The Nonprofit Engagement Revolution accelerates social change
A revolution is a fundamental change in the social order in favor of a new system. The Nonprofit Engagement Revolution™ represents a radical change in the strategy and methods by which nonprofits communicate and retain their key constituents: staff, board of directors, volunteers, major donors, consumers and more.
Why do nonprofits and charities need a Nonprofit Engagement Revolution? Because we know that what we are doing doesn’t work as well as we might hope. Staff turnover at nonprofits is two to three times’ greater than at for-profits. Nonprofits lose 53 percent of their major donors every twelve months. This year alone, one-third of volunteers will no longer contribute their time and service, leaving nonprofits high and dry, and lacking feedback or reasons on why those volunteers lost their engagement. Board members frequently report frustration with the constant bombardment of nonprofit emails, surveys and invitations, overflowing their already unmanageable email inboxes.
The lifeblood of nonprofit organizations want meaningful change
The Nonprofit Engagement Revolution is here because the core components of our nonprofits and charities — donors, board members, staff and volunteers — are demanding change. The time has come for the Nonprofit Engagement Revolution because nonprofit leaders are learning that deeper constituent engagement results in more time volunteered, more funds donated and a stronger commitment to the mission. Engaging both the heads and hearts of our supporters equals nonprofit financial sustainability and growth in people resources. Ultimately, this all creates a more powerful momentum toward social change.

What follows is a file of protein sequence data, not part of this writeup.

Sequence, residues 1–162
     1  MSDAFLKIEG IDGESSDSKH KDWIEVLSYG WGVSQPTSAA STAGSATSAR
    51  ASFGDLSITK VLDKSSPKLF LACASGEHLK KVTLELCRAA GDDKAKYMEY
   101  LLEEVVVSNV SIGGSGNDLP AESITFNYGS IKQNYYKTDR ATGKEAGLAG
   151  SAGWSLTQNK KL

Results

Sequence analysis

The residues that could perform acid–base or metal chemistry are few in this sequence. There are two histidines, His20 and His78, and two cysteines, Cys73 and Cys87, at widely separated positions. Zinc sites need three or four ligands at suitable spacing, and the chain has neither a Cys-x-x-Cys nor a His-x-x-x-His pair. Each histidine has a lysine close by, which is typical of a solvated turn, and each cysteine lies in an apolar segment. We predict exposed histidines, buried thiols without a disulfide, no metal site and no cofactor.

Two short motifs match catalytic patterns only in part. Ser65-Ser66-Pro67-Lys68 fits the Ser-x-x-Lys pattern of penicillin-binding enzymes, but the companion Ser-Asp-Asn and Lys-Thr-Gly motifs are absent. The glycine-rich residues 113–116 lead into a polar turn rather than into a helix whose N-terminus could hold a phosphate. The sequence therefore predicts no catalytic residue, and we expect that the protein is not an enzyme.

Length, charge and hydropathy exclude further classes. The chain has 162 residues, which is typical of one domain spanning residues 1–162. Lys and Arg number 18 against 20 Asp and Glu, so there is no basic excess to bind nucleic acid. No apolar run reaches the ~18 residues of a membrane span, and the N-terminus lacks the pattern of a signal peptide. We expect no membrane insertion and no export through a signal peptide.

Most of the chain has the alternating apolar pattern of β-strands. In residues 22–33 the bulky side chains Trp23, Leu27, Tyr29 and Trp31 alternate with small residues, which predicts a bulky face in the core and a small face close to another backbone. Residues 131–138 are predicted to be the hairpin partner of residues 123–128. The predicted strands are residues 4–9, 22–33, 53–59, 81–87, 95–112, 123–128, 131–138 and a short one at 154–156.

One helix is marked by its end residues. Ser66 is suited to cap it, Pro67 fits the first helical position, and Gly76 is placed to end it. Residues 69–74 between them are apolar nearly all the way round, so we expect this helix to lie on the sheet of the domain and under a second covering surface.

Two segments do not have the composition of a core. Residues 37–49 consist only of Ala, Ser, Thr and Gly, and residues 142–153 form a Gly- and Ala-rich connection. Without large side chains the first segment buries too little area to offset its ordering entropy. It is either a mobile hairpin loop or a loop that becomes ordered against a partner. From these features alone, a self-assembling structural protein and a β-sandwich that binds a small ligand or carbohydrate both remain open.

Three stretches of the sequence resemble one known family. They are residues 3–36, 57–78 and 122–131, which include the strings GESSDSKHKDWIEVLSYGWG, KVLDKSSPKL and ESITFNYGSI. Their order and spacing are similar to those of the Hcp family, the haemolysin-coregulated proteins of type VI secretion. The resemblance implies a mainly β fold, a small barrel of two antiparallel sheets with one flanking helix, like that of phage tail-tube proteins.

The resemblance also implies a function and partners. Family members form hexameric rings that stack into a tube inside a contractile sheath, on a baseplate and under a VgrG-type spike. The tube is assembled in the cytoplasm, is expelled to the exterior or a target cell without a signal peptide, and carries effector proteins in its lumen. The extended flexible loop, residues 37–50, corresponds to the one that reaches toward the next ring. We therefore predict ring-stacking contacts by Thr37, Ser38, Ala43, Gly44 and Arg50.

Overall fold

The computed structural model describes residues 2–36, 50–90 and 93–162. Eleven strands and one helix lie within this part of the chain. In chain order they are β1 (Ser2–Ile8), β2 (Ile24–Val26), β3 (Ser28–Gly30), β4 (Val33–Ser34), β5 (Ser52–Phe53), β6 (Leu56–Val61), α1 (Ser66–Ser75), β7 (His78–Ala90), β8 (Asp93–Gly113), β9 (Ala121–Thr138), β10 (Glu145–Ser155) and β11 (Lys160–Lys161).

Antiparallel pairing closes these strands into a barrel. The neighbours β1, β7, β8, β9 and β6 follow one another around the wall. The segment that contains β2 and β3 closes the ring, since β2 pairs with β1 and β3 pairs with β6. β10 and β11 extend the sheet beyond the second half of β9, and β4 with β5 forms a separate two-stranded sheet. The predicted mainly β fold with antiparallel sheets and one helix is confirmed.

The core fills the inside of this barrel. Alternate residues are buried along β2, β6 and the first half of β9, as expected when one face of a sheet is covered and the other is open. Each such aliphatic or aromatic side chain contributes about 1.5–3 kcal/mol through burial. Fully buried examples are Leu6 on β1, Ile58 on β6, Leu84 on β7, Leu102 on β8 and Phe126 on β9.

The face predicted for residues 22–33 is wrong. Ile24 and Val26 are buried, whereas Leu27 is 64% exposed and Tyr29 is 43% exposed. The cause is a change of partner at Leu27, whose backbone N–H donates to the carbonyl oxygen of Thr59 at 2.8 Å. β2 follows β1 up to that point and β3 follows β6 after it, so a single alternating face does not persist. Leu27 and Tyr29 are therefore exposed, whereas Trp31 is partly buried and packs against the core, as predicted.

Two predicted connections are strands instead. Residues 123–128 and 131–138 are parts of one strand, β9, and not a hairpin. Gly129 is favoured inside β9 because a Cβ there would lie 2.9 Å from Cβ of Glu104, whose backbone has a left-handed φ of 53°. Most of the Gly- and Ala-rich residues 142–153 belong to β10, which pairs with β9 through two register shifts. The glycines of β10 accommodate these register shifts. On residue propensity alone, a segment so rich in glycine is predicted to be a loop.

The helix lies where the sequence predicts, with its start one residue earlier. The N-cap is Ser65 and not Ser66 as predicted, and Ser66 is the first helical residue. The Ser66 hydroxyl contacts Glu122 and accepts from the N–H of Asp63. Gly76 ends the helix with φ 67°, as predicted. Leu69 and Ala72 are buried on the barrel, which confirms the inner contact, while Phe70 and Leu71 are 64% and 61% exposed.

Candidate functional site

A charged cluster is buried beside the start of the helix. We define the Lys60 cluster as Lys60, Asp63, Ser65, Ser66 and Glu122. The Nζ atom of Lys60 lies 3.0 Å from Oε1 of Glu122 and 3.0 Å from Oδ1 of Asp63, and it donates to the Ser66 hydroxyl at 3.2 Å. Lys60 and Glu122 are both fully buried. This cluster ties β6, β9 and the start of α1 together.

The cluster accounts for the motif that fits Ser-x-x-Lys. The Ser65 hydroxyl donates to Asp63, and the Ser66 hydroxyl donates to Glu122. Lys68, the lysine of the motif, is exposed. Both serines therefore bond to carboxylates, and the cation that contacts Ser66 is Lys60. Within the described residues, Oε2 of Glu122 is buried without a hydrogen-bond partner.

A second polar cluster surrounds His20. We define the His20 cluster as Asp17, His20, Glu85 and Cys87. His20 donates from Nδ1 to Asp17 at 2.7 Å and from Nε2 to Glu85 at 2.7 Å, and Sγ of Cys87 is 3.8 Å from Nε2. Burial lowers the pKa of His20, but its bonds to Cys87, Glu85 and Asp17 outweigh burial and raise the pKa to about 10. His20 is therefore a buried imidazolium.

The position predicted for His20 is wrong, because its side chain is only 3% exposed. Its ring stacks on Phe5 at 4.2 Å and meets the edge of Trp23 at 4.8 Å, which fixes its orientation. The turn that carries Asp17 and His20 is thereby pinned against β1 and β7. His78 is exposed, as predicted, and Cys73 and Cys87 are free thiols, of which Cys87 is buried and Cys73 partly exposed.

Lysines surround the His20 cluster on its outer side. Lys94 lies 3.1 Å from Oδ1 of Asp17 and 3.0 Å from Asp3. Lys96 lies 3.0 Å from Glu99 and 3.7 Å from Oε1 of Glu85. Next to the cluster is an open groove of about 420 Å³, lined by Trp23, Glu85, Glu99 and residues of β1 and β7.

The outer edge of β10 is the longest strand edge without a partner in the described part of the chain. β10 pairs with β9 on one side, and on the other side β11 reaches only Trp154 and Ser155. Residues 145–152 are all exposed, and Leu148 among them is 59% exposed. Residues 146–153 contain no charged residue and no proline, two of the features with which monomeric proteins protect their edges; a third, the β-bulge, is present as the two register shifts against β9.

New Philanthropy = the Nonprofit Engagement Revolution
The nonprofit world is changing as constituents adopt a “new philanthropy” approach to social good. "New philanthropy is the philanthropy of experiment, philanthropy that introduces the ‘know-how’ of business and the best practices of management, marketing and strategic planning into the nonprofit arena. New donors and volunteers see their philanthropy as a social investment rather than charity; they are results-oriented, they like to take a hands-on approach to their giving and in general, want to apply their business skills to the charities they support.”
This new approach makes sense, but nonprofit leaders are often so busy “chasing” major donors, volunteers and board members, for instance, that they are not always listening to what their supporters are saying. Ian McLintock, Founder of The Charity Excellence Framework says, “I’m tired of being talked at by the nonprofits I serve and support; I have knowledge, skills and ideas I’d like to share. I’m more than a wallet or a signature. I want to understand and be part of mission success.”
One of the top barriers to new philanthropy is that there aren’t enough efficient mechanisms for funders to connect and collaborate with one another in a deep and meaningful way, especially across borders.
There are new, totally secure, affordable, efficient and creative tools through which to communicate and listen to any constituent — tools that provide a platform for true, meaningful engagement. The time has come for nonprofit and charity leaders to check them out.
Join the Nonprofit Engagement Revolution!